By adopting a patient-centric approach and collaborating with leading oncologists at institutes like the National Cancer Centre Singapore and the National University Cancer Institute, Singapore, Tam works towards identifying new targets within the tumour microenvironment that can be fed into drug development programmes.

“The most important attribute for cancer researchers is a commitment to doing good for society. We must have the conviction that our findings matter in order to see our research to fruition. There is no greater satisfaction than seeing how your discoveries can make a positive impact in the quality of life for cancer patients.”

Associate Director, Genome Institute of Singapore

Roughly 15 years ago, Yue Wan, a bright-eyed graduate student looking to work with RNA, joined Howard Chang’s lab in Stanford University. At the time, researchers would have to study RNA structures one at a time to understand their function—a task considered worth doing, as very little was then known about long non-coding RNA.

Not long after, high-throughput or next-generation sequencing technologies became available, allowing the team to develop a new method to study RNA. By capturing single- and double-stranded bases along an RNA molecule and combining that with deep sequencing, the team could obtain static pictures and structural dynamics of the yeast transcriptome.

Since then, Wan has started her own research group at the Genome Institute of Singapore (GIS) and built an international group of collaborators. The field of RNA structurenomics continues to grow. Wan and collaborators have developed new strategies to map RNA-RNA and RNA-small molecule interactions, as well as detect RNA sensors.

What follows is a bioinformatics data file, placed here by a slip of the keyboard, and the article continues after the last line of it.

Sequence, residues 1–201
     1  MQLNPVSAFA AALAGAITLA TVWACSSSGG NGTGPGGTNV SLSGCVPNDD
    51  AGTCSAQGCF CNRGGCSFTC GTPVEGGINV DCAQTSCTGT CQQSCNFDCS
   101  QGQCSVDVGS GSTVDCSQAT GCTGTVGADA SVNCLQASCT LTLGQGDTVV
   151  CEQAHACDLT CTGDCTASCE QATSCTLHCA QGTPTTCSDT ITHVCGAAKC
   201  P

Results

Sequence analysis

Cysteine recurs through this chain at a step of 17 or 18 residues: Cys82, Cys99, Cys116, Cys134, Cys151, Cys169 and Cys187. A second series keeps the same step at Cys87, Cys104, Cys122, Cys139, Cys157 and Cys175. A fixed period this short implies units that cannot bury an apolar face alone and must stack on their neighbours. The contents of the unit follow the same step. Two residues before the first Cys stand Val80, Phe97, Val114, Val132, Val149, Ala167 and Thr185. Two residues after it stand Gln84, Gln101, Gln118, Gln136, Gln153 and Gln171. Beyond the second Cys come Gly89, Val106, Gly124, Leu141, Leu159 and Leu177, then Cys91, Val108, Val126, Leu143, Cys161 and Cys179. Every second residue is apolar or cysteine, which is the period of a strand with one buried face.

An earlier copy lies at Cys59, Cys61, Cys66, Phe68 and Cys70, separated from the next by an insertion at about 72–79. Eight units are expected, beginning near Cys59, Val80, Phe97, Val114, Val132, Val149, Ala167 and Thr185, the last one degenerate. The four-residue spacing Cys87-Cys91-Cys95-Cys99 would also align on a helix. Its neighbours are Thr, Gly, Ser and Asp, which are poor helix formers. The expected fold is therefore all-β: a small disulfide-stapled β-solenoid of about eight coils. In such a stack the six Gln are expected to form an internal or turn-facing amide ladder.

More recently, they have begun exploring single cells and single molecules to identify potentially diverse RNA structures within each cell. By understanding these structures, scientists can then design new small molecules to inhibit them, expanding RNA’s role as a potential drug target.

“RNA has dramatically changed the global therapeutics landscape. RNA as vaccines is just the tip of the iceberg for using RNA in medicine—advances in new modalities and delivery strategies will greatly accelerate the ability to use RNA as a therapeutic.”

NRF Fellowship (NRFF)

For early career scientists in pursuit of independent research

Junior Investigator, Institute of Molecular and Cell Biology

The human body is large and complex, comprising roughly 37.2 trillion cells. Zebrafish, on the other hand, are far smaller subjects that share more than 70 percent genomic similarity with humans, making them ideal animal models to study disease mechanism and progression.

Chuan Yan was fascinated by zebrafish from his time at the National University of Singapore, first working as an intern and later pursuing a PhD degree in Zhiyuan Gong’s lab. As a graduate student, Yan created zebrafish models with liver cancer, which showed a disease pathology similar to humans.